February 11, 2022

In a victory that could dramatically reduce ocean plastic pollution, The Coca-Cola Company committed to sell 25% of its products in reusable packaging by 2030 – up from an estimated current share of 16%. Refillable bottles are the primary form of reusable packaging that Coca-Cola uses, and they can be refilled and resold 30 to […]

Oceana: Coca-Cola Pledges to Increase Refillable Bottles, but Commitment Lacks Transparency

February 10, 2022

The Coca-Cola Company today announced a new goal to reach 25% reusable packaging by 2030. The announcement was made during the company’s Fourth Quarter 2021 Earnings Call and supports its World Without Waste environmental program. Absent from the announcement were details on exactly what the 25% target represents and metrics indicating how this may contribute […]

Amazon plastic bubble-lined mailer

Amazon’s plastic waste soars by a third during pandemic, Oceana report finds

The Guardian, December 15, 2021

Victories

California Laws Reduce Single-Use Plastic Waste

October 5, 2021

California enacted two new laws to curb harmful single-use plastics, which pollute our oceans and harm marine life. One of the new laws opens the door to refillable glass beverage bottles by removing requirements that prevented bottles from being preserved and refilled by beverage producers. This change will create new jobs while also reducing waste. […]

United States Map

Delaware Protects Marine Life, Coast from Balloon Pollution

September 17, 2021

Following campaigning by Oceana and coalition partners, Delaware enacted a new law prohibiting intentional balloon releases statewide. Balloons released into the air can enter the oceans where they can harm and choke marine life.  Delaware joins Maryland and Virginia in banning balloon releases, which will help protect marine life in the region and the roughly […]

Plastic pollution floating on the ocean surface

Brazil’s Leading Food Delivery Service, iFood, Commits to Deliver Plastic-Free Meals by 2025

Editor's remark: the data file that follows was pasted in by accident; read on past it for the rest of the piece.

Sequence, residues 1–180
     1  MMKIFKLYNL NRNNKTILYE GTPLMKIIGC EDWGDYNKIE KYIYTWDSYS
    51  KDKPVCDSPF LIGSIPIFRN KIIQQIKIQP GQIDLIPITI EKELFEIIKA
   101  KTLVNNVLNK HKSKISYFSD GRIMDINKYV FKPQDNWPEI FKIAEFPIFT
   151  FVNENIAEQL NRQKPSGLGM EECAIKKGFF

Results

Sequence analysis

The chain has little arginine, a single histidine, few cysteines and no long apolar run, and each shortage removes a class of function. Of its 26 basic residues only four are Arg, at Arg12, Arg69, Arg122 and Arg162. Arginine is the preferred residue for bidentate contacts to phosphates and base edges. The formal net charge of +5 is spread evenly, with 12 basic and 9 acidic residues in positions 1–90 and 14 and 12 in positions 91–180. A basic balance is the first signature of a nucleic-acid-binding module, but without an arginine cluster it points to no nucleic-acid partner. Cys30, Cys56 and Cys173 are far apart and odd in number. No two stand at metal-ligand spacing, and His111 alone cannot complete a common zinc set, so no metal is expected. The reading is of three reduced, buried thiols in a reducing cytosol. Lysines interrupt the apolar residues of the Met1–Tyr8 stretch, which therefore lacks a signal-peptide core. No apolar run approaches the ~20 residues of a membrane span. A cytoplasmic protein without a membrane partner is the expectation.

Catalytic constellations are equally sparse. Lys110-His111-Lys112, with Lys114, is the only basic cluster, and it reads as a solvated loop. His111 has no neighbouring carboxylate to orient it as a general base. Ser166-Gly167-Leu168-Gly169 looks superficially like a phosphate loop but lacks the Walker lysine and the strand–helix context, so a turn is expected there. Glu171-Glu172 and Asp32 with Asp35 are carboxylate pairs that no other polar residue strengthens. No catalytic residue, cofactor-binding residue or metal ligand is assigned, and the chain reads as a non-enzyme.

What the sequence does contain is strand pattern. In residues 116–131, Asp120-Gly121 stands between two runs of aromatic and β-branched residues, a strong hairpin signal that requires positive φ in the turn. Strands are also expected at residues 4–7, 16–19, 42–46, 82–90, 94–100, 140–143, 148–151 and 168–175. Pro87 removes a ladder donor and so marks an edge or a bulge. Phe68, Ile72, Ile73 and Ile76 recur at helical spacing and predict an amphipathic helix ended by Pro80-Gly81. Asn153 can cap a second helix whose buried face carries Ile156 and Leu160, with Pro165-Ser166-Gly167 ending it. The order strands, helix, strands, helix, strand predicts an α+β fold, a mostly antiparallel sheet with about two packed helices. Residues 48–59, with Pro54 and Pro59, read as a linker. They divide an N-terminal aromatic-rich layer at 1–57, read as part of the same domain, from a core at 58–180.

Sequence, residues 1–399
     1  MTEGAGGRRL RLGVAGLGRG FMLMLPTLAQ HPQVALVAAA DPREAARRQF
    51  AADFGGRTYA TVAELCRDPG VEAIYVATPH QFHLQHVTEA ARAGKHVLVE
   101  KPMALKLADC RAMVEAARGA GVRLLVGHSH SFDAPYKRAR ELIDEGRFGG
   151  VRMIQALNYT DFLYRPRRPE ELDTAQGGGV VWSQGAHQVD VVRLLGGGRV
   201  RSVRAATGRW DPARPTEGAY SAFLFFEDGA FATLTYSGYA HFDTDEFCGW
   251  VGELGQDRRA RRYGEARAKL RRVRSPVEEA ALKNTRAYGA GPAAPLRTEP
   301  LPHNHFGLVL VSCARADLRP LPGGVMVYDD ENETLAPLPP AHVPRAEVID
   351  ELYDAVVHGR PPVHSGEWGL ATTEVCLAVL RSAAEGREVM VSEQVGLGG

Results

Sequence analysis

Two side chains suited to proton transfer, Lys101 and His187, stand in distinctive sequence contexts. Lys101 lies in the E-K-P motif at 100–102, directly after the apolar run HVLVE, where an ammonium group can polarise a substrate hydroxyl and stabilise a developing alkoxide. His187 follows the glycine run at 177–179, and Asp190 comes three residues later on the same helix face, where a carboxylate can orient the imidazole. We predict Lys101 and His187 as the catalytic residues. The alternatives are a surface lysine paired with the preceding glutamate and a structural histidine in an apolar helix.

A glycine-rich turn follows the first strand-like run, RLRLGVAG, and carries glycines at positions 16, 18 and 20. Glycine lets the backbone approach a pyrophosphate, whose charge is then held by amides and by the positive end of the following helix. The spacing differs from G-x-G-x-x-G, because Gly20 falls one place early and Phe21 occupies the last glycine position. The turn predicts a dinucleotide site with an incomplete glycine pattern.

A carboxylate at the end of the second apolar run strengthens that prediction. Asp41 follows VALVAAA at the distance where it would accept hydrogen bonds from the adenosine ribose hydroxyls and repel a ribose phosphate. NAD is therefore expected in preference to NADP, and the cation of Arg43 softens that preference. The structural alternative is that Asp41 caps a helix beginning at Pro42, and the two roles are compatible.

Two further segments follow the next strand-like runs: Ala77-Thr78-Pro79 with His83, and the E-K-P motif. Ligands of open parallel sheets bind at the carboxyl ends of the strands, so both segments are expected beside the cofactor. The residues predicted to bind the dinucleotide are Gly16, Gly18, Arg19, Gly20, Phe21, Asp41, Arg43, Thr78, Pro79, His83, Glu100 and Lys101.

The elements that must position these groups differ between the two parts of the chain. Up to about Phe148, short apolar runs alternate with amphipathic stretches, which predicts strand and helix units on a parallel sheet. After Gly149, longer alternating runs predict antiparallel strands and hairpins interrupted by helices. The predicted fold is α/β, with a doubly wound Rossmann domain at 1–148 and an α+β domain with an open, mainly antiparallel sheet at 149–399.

August 2, 2021

Brazil’s largest home food delivery service, iFood, publicly committed to deliver 80% of orders free from plastic cutlery, plates, cups, napkins, and straws by 2025, following a campaign co-led by Oceana and the United Nations Environment Program’s Clean Seas Campaign. They will also set public reduction targets by 2023 for additional categories of plastics in […]

single-use plastic bag floating in the ocean

Chile Protects Oceans from Single-Use Plastics, Mandates Refillable Bottle

May 23, 2021

The Chilean government unanimously passed an ambitious law reducing single-use plastic pollution from the food and beverage industries, following campaigning by Oceana.

Washington State Bans Polystyrene Foam, Limits Ocean-Polluting Single-Use Plastic at Restaurants

May 17, 2021

U.S. Washington Gov. Jay Inslee signed a bill into law that limits the use of unnecessary single-use plastic across the state, following campaigning by Oceana and our allies in the Pacific Northwest. The new law bans the manufacture, sale, and distribution of certain expanded polystyrene foam products, including foodware, packing peanuts, and foam coolers. It […]

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2 comments on “Ending Single-Use Plastics – How you can help save the oceans from plastic pollution

  1. Just ask manufacturers of plastic containers to pay recycling levies on each type of products and the problem will be solved overnight.

    The problem is law makers have been corrupted by those manufacturers and they have been immobilized.

    Liked by 2 people

    • I agree, they probably would turn around and have the the customer pay the extra cost, but they could give a refund for returning to a recycling center, It might help stop people from using so much plastic.

      Liked by 2 people